Weapons of Mass Distraction

Max at Maxspeak is fed up with all the talk of Kerry’s and Bush’s military records. “The comparison is simple: Kerry went into combat, Bush didn’t. All the rest is a massive distraction from what the election ought to be about,” namely a referendum on which candidate is better able to handle Iraq, terrorism, and the economy. “Wallowing in details only serves those who would like you to not talk about the issues above,” he grumbles. “It’s a losing battle. Floating lies is costless. Documenting their falsity exhausts resources. You don’t have to argue with hacks and idiots. Their function is to absorb your attention, because it could be deployed to better effect elsewhere.”

OxBlog’s David Adesnik has the same feeling about the controversy over whether Kerry actually spent Christmas 1968 in Cambodia. He writes, “The whole thing seems pretty pointless.” Sounding an awfully lot like Max, minus the politics, he suggests, “I think conservatives would gain more ground by hitting Kerry on actual issues that matter.”

Instapundit, by contrast, is one conservative who is frustrated over the lack of attention the Cambodia charge is getting from the press. He searched both the New York Times and Washington Post websites and found nothing. With the Kerry campaign backing away from Kerry’s initial statement, Instapundit notes, “the Post did find the time to condemn the Swift Boat vets, though, without admitting that one of their charges has already been borne out.” The campaign press, he concludes, is “spending another chunk of their diminishing credibility to help this guy. Hope they still think it was worth it in a few years.”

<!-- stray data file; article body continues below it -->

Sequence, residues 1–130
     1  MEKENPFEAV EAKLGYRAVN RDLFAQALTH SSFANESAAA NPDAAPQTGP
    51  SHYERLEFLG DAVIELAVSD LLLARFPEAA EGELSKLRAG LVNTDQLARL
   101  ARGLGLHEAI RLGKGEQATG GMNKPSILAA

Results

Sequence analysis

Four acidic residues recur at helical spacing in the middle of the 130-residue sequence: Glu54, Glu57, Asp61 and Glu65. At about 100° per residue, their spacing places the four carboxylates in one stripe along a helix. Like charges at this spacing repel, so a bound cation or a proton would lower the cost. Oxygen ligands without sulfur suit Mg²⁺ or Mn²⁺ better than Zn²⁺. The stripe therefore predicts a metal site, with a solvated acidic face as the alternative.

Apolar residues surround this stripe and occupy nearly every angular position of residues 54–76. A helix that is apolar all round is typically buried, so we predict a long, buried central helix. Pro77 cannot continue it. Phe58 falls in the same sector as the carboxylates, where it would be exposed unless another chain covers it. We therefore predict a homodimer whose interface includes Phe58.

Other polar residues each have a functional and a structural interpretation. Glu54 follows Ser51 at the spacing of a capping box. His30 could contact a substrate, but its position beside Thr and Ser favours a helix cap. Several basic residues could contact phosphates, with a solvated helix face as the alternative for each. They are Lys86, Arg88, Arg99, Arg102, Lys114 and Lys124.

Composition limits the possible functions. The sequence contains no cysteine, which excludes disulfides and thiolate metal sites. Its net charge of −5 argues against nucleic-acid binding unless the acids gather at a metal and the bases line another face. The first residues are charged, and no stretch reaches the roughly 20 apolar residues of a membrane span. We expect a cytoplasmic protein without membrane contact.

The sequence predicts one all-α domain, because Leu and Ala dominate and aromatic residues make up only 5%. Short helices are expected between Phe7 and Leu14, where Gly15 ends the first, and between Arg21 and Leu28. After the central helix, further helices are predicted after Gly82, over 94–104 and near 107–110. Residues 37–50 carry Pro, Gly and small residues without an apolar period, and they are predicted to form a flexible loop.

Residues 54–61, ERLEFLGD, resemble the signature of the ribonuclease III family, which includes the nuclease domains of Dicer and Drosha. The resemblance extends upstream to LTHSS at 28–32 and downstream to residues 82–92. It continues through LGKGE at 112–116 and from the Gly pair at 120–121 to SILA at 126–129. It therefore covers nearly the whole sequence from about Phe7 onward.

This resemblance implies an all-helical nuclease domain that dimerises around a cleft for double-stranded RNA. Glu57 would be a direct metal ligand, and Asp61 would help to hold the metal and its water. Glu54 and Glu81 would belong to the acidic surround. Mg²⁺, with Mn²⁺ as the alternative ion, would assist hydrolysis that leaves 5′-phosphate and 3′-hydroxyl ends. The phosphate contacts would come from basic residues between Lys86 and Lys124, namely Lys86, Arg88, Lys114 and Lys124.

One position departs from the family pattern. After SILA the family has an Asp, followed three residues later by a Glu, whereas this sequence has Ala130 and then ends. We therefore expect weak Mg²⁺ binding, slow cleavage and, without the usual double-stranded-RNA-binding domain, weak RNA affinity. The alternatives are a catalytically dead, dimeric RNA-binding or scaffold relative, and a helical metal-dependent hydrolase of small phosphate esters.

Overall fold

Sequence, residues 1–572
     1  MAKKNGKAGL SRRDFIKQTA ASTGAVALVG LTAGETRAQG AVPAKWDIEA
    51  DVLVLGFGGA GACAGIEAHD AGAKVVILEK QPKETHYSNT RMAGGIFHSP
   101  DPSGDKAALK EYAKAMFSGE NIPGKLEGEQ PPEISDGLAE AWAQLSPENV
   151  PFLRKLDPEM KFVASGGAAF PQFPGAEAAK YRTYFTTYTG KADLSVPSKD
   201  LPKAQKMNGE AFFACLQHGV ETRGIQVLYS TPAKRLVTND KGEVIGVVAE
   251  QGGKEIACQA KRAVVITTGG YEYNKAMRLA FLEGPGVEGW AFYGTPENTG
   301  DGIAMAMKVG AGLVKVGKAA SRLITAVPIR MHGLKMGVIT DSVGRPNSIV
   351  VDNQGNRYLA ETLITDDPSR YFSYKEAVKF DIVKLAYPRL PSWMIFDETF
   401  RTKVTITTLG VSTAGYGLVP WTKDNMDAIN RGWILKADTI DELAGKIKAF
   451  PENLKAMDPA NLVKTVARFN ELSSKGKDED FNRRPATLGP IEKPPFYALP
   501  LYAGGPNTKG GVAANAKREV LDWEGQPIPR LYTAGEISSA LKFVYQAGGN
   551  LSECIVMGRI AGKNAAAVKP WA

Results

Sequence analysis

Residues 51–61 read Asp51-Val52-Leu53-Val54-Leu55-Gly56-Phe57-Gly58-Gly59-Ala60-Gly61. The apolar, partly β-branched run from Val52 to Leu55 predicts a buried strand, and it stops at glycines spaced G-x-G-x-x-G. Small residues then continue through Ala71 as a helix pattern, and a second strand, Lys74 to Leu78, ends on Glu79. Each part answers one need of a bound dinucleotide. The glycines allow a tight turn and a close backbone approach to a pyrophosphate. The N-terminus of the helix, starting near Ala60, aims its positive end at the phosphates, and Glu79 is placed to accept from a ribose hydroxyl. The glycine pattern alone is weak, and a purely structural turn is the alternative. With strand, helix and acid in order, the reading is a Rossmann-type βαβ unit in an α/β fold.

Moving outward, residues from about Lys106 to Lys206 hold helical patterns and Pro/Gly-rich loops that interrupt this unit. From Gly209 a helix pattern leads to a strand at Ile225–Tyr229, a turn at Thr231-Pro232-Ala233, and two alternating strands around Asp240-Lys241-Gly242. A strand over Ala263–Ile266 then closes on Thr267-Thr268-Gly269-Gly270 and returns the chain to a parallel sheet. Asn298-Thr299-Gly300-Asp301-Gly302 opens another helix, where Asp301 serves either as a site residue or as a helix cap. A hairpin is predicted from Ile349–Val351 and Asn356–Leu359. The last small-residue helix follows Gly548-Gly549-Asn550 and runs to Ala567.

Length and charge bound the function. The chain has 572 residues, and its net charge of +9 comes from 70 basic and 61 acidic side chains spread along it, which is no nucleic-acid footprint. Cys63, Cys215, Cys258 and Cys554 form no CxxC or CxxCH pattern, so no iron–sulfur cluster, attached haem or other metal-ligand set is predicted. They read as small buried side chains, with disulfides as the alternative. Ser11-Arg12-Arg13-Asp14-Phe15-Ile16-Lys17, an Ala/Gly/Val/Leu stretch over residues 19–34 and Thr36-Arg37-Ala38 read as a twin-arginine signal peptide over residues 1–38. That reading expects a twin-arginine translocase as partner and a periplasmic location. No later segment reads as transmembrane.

Digby over at Hullabaloo also thinks the attacks on Kerry are hogwash. It’s a “slick smear,” says Digby, because “[a]ll these right wing vets get filmed saying ‘he’s unfit to be commander in chief’ without providing any details. They don’t say specifically why, but you are left with the clear impression that 200+ Vietnam vets think Kerry’s lying about his record at best and that he’s a coward at worst.” Digby suggests a way to counteract the slurs, “I think the way to frame this issue is that these men are smearing the United States Military by saying that all those glowing reports and medal recommendations were lies.” He continues, “I think, if pressed, they may want to explain that when they say he’s ‘unfit,’ they are talking about Kerry’s antiwar activity, not his combat experience.”

Jim Geraghty of the National Review’s Kerry Spot suggests the same proposition, that it is because of Kerry’s antiwar activities at home, not because of his actions under fire in Vietnam, that “the men of the Swift Boat Vets for Truth developed strong opinions about him. He was trashing their reputations. He was calling them war criminals.” In the end, Geraghty opines, “Positive first impressions are washed away, and a portrait of an incompetent, lying, dishonorable man remains.” However, Geraghty writes, “[T]he reverse is also a possibility — that the men who stand so close and so proud to Kerry now have changed their opinion of him in light of who he has become today….For a man who kept you alive in a war zone, would you forget his mistakes and amplify his triumphs, to give your old friend the help he needs at the moment he needs it?”

Campaign Desk can’t help but side with MaxSpeak and Oxblog on this one. This election is, or ought to be, about big issues, not about whether John Kerry spent Christmas of 1968 sitting under a tree in Vietnam — or sitting under a different tree 100 yards away in Cambodia.

Thomas Lang

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Thomas Lang was a writer at CJR Daily.